DEV Community

Cover image for Part 1 - Content Generation
Hatem Elseidy
Hatem Elseidy

Posted on • Updated on

Part 1 - Content Generation


In this series of posts I'll walk you through building a fully fledged, fully automated, visual story generator including text, images, audio, video and background music.

Your code will go from an input sentence as short as "The Whistling Scarecrow" to the below video in ~1 min.

This is my favourite ever side project. I built it early this year when OpenAI APIs came out. The work will be fully in Python and the full code is published open source in this repo.

High Level Overview

The below diagram shows a high level overview about what we will be building. As you can see on the right side, we produce lots of raw and processed results, but most importantly a video (like the on shown in intro).

high level diagram

There are 5 main subproblems with different levels of complexity and different tools. If we can solve these problems independently, we can just pipe them together to create our beautiful vide.

  1. Content Generation & NLP: Our story needs text and images which is the core content of the story. We will be using OpenAI for this. We will also need to process the text (Natural Language Processing) of the story for a couple of reasons (a) to breakdown into sentences/pages and (b) to produce keywords for SEO (we will not really dive deep into SEO but I'll show you how to produce keywords to be used in things like hashtags).
  2. Text to Speech (Audio): A nice video story is not perfect without a narrator. And guess what, we will also generate this.
  3. Image Processing: Once we have images and text, we will need to combine these into nice looking visual pages. This is a super cool subsystem written using Pillow (a popular image processing python library). And yes, this will include the page wrinkling effect.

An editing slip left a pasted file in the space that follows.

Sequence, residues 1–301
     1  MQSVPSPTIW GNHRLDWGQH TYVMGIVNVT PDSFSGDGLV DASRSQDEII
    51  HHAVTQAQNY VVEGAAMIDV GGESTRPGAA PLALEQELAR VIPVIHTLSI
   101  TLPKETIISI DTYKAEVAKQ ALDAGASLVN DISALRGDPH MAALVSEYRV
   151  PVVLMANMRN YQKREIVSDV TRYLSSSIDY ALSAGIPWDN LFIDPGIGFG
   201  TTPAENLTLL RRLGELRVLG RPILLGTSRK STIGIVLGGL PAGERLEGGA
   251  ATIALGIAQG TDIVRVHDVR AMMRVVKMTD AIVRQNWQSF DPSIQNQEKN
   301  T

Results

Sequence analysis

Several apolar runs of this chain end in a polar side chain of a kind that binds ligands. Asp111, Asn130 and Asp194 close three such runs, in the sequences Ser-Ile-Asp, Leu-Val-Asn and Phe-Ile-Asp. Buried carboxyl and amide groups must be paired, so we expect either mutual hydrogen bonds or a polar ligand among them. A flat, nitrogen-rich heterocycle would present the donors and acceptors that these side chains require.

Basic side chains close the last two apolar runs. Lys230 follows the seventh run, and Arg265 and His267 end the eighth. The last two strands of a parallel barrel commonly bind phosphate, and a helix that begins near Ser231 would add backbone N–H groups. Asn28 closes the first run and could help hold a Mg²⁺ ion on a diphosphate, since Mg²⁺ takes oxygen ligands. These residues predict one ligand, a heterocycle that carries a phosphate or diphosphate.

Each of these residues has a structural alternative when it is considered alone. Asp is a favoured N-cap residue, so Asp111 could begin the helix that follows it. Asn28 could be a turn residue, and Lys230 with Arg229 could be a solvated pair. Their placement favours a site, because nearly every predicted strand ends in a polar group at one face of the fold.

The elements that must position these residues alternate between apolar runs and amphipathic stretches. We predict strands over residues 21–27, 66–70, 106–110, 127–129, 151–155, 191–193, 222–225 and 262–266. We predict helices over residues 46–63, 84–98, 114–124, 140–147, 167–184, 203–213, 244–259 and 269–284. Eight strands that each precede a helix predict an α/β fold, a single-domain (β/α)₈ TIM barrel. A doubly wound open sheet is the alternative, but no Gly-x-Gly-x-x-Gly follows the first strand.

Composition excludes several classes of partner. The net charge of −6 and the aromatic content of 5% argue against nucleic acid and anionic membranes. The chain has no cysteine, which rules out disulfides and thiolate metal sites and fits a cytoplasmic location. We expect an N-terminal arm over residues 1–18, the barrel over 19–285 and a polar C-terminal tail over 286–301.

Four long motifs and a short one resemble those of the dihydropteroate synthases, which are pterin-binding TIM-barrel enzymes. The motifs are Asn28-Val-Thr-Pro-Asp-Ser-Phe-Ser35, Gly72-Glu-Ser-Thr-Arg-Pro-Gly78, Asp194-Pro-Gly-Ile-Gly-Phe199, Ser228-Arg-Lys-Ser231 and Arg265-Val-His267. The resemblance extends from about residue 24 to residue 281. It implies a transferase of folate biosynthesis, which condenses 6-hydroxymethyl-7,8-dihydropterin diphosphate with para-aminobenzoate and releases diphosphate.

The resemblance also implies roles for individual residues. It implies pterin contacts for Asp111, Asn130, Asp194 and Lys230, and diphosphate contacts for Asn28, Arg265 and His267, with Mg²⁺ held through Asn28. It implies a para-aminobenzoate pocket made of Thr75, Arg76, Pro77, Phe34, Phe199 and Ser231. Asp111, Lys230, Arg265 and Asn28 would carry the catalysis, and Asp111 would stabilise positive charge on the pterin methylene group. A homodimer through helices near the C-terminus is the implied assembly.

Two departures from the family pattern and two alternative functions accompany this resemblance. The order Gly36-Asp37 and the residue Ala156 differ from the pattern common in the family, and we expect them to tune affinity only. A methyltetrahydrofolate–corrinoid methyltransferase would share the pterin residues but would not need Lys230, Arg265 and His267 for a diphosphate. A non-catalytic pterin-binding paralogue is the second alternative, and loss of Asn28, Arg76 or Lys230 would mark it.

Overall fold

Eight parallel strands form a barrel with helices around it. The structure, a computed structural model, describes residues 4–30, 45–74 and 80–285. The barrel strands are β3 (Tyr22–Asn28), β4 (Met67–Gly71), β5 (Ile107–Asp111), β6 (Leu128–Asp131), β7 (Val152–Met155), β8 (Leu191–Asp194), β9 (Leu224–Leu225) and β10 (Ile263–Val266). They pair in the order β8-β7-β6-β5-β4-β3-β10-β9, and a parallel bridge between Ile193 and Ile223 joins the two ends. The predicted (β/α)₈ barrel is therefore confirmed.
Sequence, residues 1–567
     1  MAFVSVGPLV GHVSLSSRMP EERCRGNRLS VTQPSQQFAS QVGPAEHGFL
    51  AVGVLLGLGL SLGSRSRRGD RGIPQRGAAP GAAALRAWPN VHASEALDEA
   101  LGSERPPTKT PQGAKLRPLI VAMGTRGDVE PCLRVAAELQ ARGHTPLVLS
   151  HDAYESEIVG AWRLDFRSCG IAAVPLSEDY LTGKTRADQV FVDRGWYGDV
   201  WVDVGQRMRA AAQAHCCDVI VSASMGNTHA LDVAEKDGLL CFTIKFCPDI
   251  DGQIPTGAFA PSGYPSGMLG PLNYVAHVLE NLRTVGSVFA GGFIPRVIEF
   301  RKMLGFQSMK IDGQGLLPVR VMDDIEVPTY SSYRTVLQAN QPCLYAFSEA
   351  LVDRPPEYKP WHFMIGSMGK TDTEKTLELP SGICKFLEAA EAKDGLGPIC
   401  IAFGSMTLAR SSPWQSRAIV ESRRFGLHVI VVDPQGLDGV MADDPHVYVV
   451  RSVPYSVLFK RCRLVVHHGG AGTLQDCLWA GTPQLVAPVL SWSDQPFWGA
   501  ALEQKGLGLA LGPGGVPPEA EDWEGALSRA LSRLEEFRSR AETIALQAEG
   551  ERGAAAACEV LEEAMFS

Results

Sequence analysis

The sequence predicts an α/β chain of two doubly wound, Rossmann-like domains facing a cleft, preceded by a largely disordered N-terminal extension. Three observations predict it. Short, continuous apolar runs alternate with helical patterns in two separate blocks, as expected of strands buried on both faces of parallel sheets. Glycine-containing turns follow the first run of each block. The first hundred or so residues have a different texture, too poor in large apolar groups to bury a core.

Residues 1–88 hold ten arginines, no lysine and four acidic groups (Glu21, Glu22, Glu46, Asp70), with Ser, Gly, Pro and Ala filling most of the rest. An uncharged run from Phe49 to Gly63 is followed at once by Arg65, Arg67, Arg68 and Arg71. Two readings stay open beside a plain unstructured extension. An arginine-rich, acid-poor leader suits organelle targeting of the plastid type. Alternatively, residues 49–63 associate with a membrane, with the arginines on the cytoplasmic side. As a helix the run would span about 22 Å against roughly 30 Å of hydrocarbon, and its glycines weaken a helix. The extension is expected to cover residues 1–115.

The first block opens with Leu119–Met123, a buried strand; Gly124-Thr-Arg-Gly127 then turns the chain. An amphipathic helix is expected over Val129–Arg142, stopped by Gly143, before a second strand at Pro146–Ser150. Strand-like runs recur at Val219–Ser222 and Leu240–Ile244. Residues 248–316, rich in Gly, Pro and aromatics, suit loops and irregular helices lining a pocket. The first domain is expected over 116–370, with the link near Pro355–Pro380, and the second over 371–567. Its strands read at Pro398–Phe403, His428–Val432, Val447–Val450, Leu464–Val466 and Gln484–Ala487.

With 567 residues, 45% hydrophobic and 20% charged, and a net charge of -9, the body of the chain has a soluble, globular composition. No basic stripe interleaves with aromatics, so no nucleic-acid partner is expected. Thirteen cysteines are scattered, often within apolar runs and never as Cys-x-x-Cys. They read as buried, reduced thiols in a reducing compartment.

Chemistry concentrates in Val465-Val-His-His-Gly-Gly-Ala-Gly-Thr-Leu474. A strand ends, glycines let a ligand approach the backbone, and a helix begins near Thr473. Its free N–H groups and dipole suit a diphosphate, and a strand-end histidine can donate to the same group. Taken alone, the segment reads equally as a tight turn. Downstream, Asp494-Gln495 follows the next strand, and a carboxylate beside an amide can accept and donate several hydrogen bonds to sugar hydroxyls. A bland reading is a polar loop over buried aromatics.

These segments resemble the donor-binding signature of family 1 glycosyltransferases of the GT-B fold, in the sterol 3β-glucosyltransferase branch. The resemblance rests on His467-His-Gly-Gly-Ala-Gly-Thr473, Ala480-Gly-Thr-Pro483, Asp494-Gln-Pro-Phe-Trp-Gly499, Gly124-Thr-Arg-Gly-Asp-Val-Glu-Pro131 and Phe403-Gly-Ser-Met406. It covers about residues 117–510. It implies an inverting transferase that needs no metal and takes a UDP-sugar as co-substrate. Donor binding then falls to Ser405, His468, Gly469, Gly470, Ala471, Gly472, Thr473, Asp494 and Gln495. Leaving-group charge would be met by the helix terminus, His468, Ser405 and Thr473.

4. Video Processing: Once we have nice looking pages and narrator audio, we compile a full video.
  5. PDF Processing: Similar to video but compile a pdf this time. Like a printable version of the story.

The same diagram above can also be viewed as a pipeline (data flow diagram).

Data Flow

Content Generation & NLP

Story Text

Let's jump in straight away. Given a simple sentence i.e. story title we want to generate a story. In this case, we just need the story text. Thanks to OpenAI APIs, we can use text-davinci-003 model to obtain this with a few lines of code.

# prompt: str = "The Whistling Scarecrow"
story_content = openai.Completion.create(
    prompt="Give me a story about " + prompt,
story_raw_text = story_content["choices"][0]["text"]
Enter fullscreen mode Exit fullscreen mode

As you can see I had to prepend "Give me a story about " to the title prompt, to instruct OpenAI to give me a story about The Whistling Scarecrow. And non-surprisingly it's very good at generating such stories (try it out on ChatGPT if you have access). You may be used to this level of AI now, but the quality of the stories was super impressive when I was writing this code in December 2022.

Next, we need to process this text into sentences i.e. story pages. You can think something as simple as this:

Enter fullscreen mode Exit fullscreen mode

This will work for lots of stories, but it's not reliable. Consider the following story.

In the small village of Elmridge, people told tales of the Whistling Scarecrow. Not as a mere bedtime story, but as a local legend that had seen generations.

Splitting on '.' will produce the following list.

  "In the small village of Elmridge, people told tales of the Whistling Scarecrow",
  "Not as a mere bedtime story, but as a local legend that had seen generations"
Enter fullscreen mode Exit fullscreen mode

Which is actually correct, but here are the next few sentences in the same story:

The scarecrow stood in the middle of Mr. Whitaker's cornfield, lanky and faded from years under the sun and rain. Its clothes were tattered, its straw body peeking out from holes and tears, yet it stood proud, guarding the field as though it were its own.